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help with classifying safeties, matches and reaches for my D

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Replies to: help with classifying safeties, matches and reaches for my D

  • rosered55rosered55 Registered User Posts: 2,404 Senior Member
    UVM gives merit aid to out-of-state students with certain stats, and I think you're right that it's a safety for your daughter. If she liked it, I suggest keeping it on your list.
  • 2muchquan2muchquan Registered User Posts: 2,030 Senior Member
    How will you treat 'Reaches' differently from 'Far Reaches'? I don't see the need for both, unless you plan to treat them differently in some way.

    An interesting mix of big/little etc.

  • quietdesperationquietdesperation Registered User Posts: 579 Member
    edited April 2016
    @2muchquan We plan to have her apply to 3 safeties, 4 matches, 2 reaches and 2 far reaches.

    I realize now I've left off cmu, which we think is a reach as opposed to a far reach. I think we're also moving u mich to reach.
  • WhataProcessWhataProcess Registered User Posts: 570 Member
    Intended major? Some schools, CMU for sure, have VERY different acceptance rates for different colleges/majors. For ex, at CMU, computer science rate is ~5%, vs A&S ~20%. Just something to keep in mind.
  • LindagafLindagaf Registered User Posts: 6,455 Senior Member
    I don't think Rochester is a safety. They had their most selective year ever this year. You can't call a school with an acceptance rate in the 30th percentile a safety. They very strongly encourage interviews and consider interest. They WLed a girl at our school with stats almost exactly like your D's. Your three matches are reaches, IMO. Your "reach" of Wash U is as much a reach as Amherst if you are going by acceptance rate, give or take 1%. From what I see, I think UVM is your only true safety. CW is probably a good bet.

    Here is something I learned this last year in helping my senior navigate the process: stats might look great on paper, but there are other super important variables that you aren't considering. Essays are super important, so are teacher recs, ECs, and a bunch of other important and not quite as important factors, including interest as someone mentioned. They all work together to guarantee nothing for the vast majority of colleges on your list.
  • lvvcsflvvcsf Registered User Posts: 1,793 Senior Member
    The challenge I see with your "safety" list is that while your child is a strong candidate for any of them they are each selective enough that if she really doesn't wish to attend it could affect their acceptance. I would call schools like Case a strong match. They will have other students with stronger stats and accept many students with lower stats. I don't think you can take acceptance for granted.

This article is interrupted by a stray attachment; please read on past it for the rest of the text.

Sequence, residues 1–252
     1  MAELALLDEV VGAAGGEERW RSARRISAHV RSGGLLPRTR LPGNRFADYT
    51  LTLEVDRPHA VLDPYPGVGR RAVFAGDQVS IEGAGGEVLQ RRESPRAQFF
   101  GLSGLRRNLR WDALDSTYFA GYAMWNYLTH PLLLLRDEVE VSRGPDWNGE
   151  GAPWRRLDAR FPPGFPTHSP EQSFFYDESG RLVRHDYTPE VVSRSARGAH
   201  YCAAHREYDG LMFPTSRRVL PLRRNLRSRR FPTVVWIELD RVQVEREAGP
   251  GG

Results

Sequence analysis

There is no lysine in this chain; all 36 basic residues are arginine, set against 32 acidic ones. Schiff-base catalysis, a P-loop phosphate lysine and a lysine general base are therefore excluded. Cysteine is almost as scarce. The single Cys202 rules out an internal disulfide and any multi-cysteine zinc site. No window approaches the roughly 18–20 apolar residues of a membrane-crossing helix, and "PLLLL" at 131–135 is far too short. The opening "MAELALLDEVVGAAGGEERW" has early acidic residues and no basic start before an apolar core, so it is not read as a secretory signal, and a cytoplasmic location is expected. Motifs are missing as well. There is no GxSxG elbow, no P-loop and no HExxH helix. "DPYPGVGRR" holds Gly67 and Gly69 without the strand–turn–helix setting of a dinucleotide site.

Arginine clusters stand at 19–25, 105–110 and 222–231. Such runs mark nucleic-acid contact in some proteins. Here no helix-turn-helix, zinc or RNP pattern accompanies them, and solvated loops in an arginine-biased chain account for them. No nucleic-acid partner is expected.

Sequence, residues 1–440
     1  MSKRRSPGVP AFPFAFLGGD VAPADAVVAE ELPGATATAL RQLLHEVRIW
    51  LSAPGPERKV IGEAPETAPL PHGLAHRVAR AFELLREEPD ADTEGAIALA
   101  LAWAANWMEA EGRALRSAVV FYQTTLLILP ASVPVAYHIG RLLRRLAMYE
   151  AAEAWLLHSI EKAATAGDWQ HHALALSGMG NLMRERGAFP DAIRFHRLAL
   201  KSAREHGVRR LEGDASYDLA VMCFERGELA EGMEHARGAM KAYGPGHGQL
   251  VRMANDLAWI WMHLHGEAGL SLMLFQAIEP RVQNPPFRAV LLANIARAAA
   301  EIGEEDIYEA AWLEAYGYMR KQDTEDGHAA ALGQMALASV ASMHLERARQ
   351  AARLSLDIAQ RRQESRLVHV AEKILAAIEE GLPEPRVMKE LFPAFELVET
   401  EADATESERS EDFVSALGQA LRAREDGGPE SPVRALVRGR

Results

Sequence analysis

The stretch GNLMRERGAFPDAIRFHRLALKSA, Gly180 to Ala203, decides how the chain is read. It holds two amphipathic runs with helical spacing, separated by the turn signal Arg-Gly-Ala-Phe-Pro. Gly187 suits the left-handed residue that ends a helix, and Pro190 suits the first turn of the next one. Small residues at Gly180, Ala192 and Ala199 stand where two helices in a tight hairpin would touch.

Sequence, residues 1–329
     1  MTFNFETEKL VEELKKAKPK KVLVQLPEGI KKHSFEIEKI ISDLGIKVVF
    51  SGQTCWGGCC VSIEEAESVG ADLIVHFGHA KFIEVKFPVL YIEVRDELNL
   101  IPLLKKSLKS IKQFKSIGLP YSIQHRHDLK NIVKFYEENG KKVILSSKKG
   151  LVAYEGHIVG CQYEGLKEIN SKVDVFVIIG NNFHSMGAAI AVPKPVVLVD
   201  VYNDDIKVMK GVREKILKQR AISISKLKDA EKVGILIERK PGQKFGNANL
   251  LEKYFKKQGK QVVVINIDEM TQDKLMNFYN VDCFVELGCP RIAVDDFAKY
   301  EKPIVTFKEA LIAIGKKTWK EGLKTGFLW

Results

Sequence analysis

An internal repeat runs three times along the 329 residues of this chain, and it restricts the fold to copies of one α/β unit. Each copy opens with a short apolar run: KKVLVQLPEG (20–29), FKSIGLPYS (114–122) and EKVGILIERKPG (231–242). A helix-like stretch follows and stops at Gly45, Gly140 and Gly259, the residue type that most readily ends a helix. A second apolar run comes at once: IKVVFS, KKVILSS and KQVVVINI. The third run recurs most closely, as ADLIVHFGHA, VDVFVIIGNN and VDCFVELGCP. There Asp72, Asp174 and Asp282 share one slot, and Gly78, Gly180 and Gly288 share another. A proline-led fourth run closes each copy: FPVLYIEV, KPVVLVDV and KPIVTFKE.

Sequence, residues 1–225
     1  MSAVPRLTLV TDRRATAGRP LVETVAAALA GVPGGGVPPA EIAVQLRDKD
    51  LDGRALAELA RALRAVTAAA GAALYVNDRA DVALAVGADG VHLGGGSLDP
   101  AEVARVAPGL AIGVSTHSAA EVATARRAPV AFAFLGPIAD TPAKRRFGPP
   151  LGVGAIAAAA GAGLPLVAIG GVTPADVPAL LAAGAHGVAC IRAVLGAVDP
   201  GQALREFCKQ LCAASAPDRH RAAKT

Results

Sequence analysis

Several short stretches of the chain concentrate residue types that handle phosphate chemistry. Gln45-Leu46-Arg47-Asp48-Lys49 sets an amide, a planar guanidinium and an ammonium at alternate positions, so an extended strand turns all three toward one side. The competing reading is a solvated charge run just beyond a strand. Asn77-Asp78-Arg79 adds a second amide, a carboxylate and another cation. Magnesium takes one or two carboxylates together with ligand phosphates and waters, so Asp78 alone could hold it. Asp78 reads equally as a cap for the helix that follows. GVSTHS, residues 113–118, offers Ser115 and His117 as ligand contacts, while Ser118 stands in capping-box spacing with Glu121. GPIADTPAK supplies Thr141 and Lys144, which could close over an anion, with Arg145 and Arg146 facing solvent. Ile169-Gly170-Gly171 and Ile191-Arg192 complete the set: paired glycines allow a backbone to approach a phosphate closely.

• thumper1thumper1 Registered User Posts: 61,940 Senior Member
    edited April 2016
    If any of these schools have an EA...early admissions...option..have your kiddo do that. Not early decision....early action. If any have rolling admissions...do that.

    That way, your kiddo will know about one school at least early in the process.

    Your daughter has fabulous stats, but I think this list is quite top heavy.

    What is your instate flagship university?
  • mom2twogirlsmom2twogirls Registered User Posts: 809 Member
    She doesn't like any SUNY schools? Bing? Geneseo?
  • mamaedefamiliamamaedefamilia Registered User Posts: 2,494 Senior Member
    ^ I was also going to suggest at least one in state public option, just to cover your bases. Geneseo gets pretty high marks here on CC and elsewhere for high stats applicants.
  • urbanslaughterurbanslaughter Registered User Posts: 1,192 Senior Member
    @quietdesperation Just be aware that for a white girl from the Northeast the acceptance rate at Middlebury drops to below 10%. Good luck.
  • MarianMarian Registered User Posts: 12,314 Senior Member
    edited April 2016
    If she doesn't like any of the SUNY schools, you might want to consider OOS state universities that are hospitable to out-of-staters. The ones that come to mind are Penn State (which has rolling admissions, so you get your answer early) and the University of Delaware. There are also lots of New Yorkers at the University of Maryland, but admission is too competitive for it to be considered a safety for an out-of-stater, no matter how well qualified.

    The problem here, of course, is that in a lot of states the flagship state university is the almost-automatic safety school for students of your daughter's caliber, but in New York, with its dispersed SUNY system, life is more complicated.
  • yauponreduxyauponredux Registered User Posts: 446 Member
    edited April 2016
    Naviance data should be looked at in context, which you may not know in a large HS. For example, the admission of the kid with a lower GPA and scores might have been due to being a recruited athlete. Naviance data older than a couple years may not be at all predictive for some colleges if they have become more selective in that period.

    Does your D have a favorite where ED would be a possibility?
  • MiamiDAPMiamiDAP Registered User Posts: 16,184 Senior Member
    "From what I can see, the challenge is around finding matches that are not really reaches and safeties that are not really matches." - Not clear to me what is a purpose of this classification. How this division will affect the application cycle?
    We never thought of colleges this way, we just researched which ones will offer the Merit awards and D. applied only to them that also happened to be within 4 hours of driving from home as thatt one was her personal criteria.
    Incidentally, my D. had exactly the same stats, she graduated #1 from her private HS.
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